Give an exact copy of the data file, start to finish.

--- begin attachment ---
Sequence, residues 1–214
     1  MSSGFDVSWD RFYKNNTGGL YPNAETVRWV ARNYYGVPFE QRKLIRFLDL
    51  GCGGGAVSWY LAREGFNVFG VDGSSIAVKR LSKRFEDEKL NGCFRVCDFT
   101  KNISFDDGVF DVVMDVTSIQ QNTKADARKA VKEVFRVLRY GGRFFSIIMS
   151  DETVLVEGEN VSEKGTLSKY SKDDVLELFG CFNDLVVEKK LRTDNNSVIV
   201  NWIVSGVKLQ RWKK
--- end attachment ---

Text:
Sequence, residues 1–214
     1  MSSGFDVSWD RFYKNNTGGL YPNAETVRWV ARNYYGVPFE QRKLIRFLDL
    51  GCGGGAVSWY LAREGFNVFG VDGSSIAVKR LSKRFEDEKL NGCFRVCDFT
   101  KNISFDDGVF DVVMDVTSIQ QNTKADARKA VKEVFRVLRY GGRFFSIIMS
   151  DETVLVEGEN VSEKGTLSKY SKDDVLELFG CFNDLVVEKK LRTDNNSVIV
   201  NWIVSGVKLQ RWKK